The Importance of Accounting Internships
May 22, 2017
At Smith and Howard, we place high value on the internship process. This is one of the primary ways we find and develop our talent at the firm. As you are going through your course work towards an accounting degree, you might be wondering if an internship is really necessary. The purpose of this article is to shed light on why it is so important for you to make an internship a priority in helping to lay the groundwork for developing your career.
Provides clarity in your future coursework – One of the advantages to working an internship while still in school is that the hands-on work you do during the internship will help understand concepts that are taught in courses you take as you complete your schooling.
Determination of your career path – There are numerous routes you can go with a career in accounting. Do you want to work in audit, tax or advisory services in a public accounting firm? Do you want to work in the private industry as a Controller or CFO for a company one day? Working internships affords you the ability to work in a couple of different roles before identifying where your true passion lies.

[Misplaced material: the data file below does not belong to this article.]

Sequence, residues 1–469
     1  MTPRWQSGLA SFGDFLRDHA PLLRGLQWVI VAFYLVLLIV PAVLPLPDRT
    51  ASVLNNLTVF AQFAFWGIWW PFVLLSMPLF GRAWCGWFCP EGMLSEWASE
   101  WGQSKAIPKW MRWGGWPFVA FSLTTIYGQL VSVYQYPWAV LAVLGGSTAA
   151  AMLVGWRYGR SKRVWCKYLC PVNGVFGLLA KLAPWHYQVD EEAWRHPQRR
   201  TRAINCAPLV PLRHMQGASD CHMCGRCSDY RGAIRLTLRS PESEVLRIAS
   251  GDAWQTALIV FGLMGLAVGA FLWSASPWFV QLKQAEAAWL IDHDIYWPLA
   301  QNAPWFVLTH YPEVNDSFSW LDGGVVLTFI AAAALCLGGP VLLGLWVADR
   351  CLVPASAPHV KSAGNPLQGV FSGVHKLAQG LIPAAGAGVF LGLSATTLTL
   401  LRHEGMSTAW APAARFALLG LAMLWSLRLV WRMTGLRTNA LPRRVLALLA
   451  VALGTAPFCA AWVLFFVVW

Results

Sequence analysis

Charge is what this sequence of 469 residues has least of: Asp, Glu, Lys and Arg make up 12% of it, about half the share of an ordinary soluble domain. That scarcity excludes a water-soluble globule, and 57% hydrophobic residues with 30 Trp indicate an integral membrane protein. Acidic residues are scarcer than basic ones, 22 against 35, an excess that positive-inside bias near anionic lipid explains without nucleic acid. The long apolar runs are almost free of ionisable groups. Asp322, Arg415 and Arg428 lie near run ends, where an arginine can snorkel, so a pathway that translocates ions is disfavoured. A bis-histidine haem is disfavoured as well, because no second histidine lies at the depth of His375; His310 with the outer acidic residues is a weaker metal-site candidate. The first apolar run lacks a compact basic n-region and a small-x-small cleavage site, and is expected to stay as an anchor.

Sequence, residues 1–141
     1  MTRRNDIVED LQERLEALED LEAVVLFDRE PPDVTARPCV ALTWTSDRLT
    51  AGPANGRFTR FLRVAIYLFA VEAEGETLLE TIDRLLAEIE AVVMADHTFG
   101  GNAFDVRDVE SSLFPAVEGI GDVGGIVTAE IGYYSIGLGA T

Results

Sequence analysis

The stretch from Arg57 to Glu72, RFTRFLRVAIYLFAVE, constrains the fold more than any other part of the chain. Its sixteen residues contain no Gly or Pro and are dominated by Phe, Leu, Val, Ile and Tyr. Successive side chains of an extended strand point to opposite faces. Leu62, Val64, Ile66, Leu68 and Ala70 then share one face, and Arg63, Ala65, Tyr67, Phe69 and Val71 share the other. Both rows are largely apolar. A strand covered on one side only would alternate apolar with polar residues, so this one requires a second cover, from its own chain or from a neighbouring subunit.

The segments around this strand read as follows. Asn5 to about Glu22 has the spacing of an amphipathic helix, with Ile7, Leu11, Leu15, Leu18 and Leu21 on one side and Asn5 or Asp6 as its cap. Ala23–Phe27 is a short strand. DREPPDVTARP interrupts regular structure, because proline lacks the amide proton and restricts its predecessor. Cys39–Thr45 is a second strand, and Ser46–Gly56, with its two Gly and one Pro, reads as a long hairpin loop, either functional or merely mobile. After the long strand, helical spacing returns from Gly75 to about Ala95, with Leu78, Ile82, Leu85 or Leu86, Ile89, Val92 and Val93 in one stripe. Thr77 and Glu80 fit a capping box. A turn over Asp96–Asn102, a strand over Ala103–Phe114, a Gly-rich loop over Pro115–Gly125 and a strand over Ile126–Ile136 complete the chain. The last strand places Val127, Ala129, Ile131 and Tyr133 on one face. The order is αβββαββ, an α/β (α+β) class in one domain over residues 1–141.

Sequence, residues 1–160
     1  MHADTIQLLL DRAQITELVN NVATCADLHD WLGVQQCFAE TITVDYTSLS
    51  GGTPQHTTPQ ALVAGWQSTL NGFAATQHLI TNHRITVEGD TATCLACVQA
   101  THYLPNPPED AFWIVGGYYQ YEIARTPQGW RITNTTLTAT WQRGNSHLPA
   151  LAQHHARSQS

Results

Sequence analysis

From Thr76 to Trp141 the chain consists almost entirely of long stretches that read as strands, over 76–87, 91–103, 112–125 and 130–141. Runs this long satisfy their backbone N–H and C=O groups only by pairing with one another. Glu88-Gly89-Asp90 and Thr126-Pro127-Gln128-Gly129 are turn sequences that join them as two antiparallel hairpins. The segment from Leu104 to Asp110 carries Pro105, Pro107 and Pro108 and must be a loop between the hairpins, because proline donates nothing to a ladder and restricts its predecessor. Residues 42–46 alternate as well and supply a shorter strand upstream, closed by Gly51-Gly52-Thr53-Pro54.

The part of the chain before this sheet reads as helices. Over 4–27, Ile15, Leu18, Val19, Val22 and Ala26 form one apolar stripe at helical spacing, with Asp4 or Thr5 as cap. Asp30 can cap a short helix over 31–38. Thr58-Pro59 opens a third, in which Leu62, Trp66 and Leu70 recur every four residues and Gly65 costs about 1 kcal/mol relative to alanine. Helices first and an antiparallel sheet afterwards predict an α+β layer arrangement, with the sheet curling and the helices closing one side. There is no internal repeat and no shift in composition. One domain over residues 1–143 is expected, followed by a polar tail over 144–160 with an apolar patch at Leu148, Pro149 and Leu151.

Resume building – If you work an internship during school, once you get out, having an internship on your resume will provide you a competitive advantage when searching for a company where you want to start your career.
Evaluating an employer – As you go through the recruiting process at your school, you will have the opportunity to meet folks from various firms. If you are unsure if the firm you are interviewing with has a culture that aligns with your values, an internship is a great way to “test the waters” and make sure the company you are working with is the right fit for you.
As you can see, there are some significant benefits to pursuing an accounting internship. As you are evaluating your options for how you approach your accounting major, one important thing to keep in mind is how an internship fits into your schooling. Many schools provide flexibility in their course offerings to where you can take a semester off to do an internship and once the internship is over, you can pick up where you left off. Other schools have strict rules on when you can take certain classes, which can limit your opportunities. There are even some schools that provide course credit for students who work internships. Be sure to have these discussions with your college advisors as soon as possible so that you can make the decision that best suits you.
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